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How can I stimulate my child’s imagination, creativity, and motivation with toys?

As a parent it is obvious that you want the best for your children. It goes so far that you buy them the best rated and top reviewed toys on the market. With online shopping at our fingertips, it is easier to provide our kids with 5-star reviewed items vloggers gush over. So, if this fancy, super-duper, top-rated toy is so amazing, why did your child just toss it aside with the rest of his forgotten hoard after the first day he got it? According to Pediatric Psychologist, Dr. John Richer (he’s done some fascinating research… to read about his findings, visit http://oxford.academia.edu/JohnRicher), nearly 70% of intelligence can be explained by DNA (1). This means that your child gets 70% of their smarts from you BUT their environment can suppress or express these “smart” genetics. Parents often buy their children toys that can do a lot, but in order to stimulate their imagination, creativity, and motivation, we must get them toys that a child can do a lot with

Staying closely connected and in tune with your child will help you understand what positively stimulates their imagination and creativity. Some studies suggest that children who have been provided the space for creativity will become better problem solvers in their adult lives (2). Additionally, you will gain insight into how they learn or how to adapt their environment to support healthier cognitive and emotional development. Your child can become overstimulated and overwhelmed when they have a toy closet, chest or room with too many toy options. Children begin to become unimaginative and can shut down. Have you ever noticed that they have more than enough toys to play with but still seem uninterested, annoyed and even irritated?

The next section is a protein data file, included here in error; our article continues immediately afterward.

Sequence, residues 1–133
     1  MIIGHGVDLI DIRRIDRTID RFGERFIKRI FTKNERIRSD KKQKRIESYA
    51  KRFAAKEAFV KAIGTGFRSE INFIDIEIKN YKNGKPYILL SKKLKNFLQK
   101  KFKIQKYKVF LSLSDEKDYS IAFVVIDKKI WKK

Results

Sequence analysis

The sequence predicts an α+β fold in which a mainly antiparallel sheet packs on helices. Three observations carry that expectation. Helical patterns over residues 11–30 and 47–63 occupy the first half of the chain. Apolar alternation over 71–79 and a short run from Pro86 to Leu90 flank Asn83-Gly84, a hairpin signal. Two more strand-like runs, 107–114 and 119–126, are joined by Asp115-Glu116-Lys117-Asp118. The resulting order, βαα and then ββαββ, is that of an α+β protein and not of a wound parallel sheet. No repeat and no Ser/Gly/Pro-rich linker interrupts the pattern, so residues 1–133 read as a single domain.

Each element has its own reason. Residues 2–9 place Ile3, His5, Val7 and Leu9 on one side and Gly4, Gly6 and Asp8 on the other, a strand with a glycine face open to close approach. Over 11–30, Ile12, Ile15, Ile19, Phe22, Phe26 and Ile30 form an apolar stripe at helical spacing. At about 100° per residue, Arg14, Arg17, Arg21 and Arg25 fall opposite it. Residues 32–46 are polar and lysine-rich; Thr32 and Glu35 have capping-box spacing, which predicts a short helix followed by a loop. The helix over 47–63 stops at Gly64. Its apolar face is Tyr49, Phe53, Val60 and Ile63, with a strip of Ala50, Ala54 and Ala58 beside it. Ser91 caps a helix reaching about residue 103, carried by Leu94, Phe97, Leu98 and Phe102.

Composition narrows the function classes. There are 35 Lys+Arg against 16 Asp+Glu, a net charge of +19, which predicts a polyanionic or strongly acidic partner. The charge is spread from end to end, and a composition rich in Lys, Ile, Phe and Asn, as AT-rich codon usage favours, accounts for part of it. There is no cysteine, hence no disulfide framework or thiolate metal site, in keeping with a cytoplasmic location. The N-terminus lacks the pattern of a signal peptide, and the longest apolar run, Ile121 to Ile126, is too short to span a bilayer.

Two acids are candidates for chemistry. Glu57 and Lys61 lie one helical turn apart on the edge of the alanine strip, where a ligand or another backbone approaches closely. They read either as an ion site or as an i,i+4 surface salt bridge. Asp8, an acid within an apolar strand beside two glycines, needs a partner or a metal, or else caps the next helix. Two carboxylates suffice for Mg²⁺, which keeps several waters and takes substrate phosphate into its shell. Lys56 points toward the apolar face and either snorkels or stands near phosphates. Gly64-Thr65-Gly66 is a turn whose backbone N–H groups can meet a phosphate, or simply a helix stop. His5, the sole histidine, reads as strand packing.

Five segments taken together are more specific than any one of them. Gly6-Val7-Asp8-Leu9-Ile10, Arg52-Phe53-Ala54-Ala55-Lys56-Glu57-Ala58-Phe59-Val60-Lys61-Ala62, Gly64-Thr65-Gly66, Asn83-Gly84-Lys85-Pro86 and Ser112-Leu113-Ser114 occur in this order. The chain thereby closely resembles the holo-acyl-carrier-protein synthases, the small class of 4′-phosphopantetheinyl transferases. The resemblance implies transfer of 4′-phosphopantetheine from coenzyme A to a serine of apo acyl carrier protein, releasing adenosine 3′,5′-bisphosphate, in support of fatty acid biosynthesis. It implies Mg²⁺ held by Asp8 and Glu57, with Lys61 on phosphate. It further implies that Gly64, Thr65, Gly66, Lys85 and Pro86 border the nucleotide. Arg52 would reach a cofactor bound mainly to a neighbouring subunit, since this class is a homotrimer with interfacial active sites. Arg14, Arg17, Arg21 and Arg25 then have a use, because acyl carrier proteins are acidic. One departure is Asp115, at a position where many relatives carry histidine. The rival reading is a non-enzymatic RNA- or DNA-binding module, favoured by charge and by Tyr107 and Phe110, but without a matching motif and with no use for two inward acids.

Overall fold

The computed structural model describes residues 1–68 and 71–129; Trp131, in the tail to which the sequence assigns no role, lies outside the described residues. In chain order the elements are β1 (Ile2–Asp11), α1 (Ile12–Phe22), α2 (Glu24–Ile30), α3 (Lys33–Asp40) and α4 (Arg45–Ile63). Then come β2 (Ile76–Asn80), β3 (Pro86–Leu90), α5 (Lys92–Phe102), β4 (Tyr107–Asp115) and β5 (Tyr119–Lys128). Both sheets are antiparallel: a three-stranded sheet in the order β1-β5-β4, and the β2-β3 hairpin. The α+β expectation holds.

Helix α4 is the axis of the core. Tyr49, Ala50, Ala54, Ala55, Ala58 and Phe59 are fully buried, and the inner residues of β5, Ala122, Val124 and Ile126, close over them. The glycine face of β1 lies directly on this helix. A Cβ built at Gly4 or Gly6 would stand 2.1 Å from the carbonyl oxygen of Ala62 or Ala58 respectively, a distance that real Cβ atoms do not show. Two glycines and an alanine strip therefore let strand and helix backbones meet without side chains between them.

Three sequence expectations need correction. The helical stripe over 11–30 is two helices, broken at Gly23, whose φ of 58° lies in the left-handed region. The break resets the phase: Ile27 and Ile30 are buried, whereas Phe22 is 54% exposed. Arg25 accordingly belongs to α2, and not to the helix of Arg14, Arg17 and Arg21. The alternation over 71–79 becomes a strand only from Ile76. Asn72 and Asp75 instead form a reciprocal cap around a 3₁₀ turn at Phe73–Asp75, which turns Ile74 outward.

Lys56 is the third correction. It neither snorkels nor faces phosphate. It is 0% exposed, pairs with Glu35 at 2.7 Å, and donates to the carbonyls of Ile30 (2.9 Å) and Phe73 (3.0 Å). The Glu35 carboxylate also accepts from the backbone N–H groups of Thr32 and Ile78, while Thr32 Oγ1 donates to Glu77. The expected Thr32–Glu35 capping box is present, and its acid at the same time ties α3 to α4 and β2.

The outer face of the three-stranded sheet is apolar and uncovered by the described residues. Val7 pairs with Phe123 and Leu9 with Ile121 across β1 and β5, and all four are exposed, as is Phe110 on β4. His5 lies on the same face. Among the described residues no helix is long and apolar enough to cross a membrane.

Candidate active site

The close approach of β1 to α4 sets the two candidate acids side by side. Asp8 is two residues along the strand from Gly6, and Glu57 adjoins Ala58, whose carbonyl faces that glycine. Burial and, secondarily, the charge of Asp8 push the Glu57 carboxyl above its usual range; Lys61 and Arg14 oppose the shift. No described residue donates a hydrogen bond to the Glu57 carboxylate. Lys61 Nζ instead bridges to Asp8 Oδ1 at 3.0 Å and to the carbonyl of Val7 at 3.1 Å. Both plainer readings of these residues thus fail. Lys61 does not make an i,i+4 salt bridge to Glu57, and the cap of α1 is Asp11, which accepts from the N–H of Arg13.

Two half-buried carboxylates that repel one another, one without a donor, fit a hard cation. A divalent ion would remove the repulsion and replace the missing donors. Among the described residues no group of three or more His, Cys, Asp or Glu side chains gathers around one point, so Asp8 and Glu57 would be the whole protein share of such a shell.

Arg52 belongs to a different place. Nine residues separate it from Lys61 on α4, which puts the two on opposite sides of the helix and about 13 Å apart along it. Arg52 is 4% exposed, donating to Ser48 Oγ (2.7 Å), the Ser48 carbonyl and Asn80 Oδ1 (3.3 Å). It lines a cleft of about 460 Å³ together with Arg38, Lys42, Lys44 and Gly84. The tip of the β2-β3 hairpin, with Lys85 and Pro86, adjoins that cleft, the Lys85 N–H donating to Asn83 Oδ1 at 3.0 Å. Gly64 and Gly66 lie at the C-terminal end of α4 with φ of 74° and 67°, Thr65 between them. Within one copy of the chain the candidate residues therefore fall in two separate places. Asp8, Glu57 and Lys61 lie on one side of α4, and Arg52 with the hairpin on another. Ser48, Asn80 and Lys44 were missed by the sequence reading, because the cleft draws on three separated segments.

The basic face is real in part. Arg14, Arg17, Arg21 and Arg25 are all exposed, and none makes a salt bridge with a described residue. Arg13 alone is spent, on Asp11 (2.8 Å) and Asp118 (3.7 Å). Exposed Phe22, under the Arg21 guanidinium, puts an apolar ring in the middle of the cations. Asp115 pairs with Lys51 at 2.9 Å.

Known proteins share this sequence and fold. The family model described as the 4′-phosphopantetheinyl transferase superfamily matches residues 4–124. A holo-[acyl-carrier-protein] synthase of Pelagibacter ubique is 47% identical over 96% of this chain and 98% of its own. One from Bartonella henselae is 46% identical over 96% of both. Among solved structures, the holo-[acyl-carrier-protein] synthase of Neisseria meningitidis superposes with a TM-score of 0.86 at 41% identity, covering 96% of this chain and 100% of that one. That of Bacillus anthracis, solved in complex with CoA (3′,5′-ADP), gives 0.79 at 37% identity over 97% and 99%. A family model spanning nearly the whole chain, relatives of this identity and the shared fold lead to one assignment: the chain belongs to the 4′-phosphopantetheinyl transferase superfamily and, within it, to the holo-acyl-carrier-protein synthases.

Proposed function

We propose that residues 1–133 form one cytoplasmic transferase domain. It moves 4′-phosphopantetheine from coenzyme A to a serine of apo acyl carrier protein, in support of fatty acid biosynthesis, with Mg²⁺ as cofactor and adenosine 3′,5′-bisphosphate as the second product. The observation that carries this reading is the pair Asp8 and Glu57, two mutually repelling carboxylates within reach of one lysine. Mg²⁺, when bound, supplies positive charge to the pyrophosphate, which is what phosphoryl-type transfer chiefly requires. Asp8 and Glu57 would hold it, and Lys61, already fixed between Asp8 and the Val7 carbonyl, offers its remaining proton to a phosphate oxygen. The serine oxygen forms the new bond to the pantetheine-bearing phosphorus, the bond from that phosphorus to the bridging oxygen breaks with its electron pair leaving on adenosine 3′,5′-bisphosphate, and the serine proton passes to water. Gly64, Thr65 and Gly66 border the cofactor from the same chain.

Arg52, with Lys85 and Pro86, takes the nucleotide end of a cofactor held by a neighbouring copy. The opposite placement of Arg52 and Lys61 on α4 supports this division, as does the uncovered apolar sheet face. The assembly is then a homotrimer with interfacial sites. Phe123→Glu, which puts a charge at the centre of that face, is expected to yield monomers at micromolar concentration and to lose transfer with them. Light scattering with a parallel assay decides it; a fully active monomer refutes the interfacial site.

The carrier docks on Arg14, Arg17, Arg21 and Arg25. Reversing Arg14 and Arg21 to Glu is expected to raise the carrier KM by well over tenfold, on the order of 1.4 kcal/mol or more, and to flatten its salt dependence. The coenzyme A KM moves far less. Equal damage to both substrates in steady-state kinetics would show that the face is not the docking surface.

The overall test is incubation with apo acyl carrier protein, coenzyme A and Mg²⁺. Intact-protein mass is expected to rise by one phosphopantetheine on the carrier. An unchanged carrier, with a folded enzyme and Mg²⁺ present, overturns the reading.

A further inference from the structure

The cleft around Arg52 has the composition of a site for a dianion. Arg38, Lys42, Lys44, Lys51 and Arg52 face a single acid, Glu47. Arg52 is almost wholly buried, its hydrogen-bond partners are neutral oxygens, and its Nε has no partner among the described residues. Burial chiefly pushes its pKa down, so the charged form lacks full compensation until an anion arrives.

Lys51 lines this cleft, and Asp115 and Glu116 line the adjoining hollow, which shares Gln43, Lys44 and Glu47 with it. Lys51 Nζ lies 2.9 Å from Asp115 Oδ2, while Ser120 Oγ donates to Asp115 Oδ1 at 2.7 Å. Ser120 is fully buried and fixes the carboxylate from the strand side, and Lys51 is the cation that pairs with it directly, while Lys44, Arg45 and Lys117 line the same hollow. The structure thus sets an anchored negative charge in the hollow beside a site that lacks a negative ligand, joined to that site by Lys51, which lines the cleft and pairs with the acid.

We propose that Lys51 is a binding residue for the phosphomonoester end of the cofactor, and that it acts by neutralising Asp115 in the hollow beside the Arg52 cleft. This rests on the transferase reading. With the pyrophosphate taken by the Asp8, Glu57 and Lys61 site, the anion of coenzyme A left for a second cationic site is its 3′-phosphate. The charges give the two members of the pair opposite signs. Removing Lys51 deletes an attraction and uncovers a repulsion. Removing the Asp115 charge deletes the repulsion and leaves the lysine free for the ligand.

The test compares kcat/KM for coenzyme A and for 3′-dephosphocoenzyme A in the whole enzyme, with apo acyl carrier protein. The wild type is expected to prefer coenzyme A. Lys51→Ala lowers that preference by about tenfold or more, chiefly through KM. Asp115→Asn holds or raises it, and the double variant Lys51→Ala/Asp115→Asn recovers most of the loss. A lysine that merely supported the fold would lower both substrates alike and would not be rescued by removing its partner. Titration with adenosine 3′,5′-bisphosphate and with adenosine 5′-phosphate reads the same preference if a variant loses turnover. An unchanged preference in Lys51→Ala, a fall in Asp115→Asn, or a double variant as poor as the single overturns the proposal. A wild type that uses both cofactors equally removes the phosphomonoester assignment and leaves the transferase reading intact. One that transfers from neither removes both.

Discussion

What can you do to help inspire your child’s resourcefulness and artistry?

  • Play with them. Choose age appropriate board or card games for your child.
    • MonopolyCandy Land, or Scrabble are fun board games that can also enhance bonding. 
    • Azul, Adventures in Storyland, and Stone Soup are less traditional but imaginative board games you and yours can enjoy together. 
    • Cooperative board games allow you and your kid to play as a team to overcome the game’s obstacles together, encouraging teamwork and camaraderie between you and your kid.  Castle Panic, Race to the Treasure, and Forbidden Island are just a few examples.
  • You can box away a portion of your child’s current toys and begin to switch them out after a period of time to reduce the over-stimulation. 
  • Try to avoid providing your child electronic toys. Instead, select toys that they need to imaginatively bring to life, providing a fun and healthy avenue to channel their creativity.  Some ideas are: drawing boards, clay sets, building blocks, or even the traditional doll house. 

Are you ready to build yourself a creative, imaginative, and motivated child? Start slow by setting up a game night every other week, borrow games from friends or family, and start discussions with your children about what their favorite toys are and why. This will not only create a great foundation for your child but also create a greater bond between you two. Enjoy your time together! I look forward to hearing about it. 

(1) Ormrod, Jeanne Ellis; Anderman, Eric M.; Anderman, Lynley H. Educational Psychology: Developing Learners (What’s New in Ed Psych / Tests & Measurements). Pearson Education. Kindle Edition.

(2) Caiman, C., & Lundegård, I. (2018). Young children’s imagination in science education and education for sustainability. Cultural Studies of Science Education, 13(3), 687-705.

About The Author

Jennifer Perez
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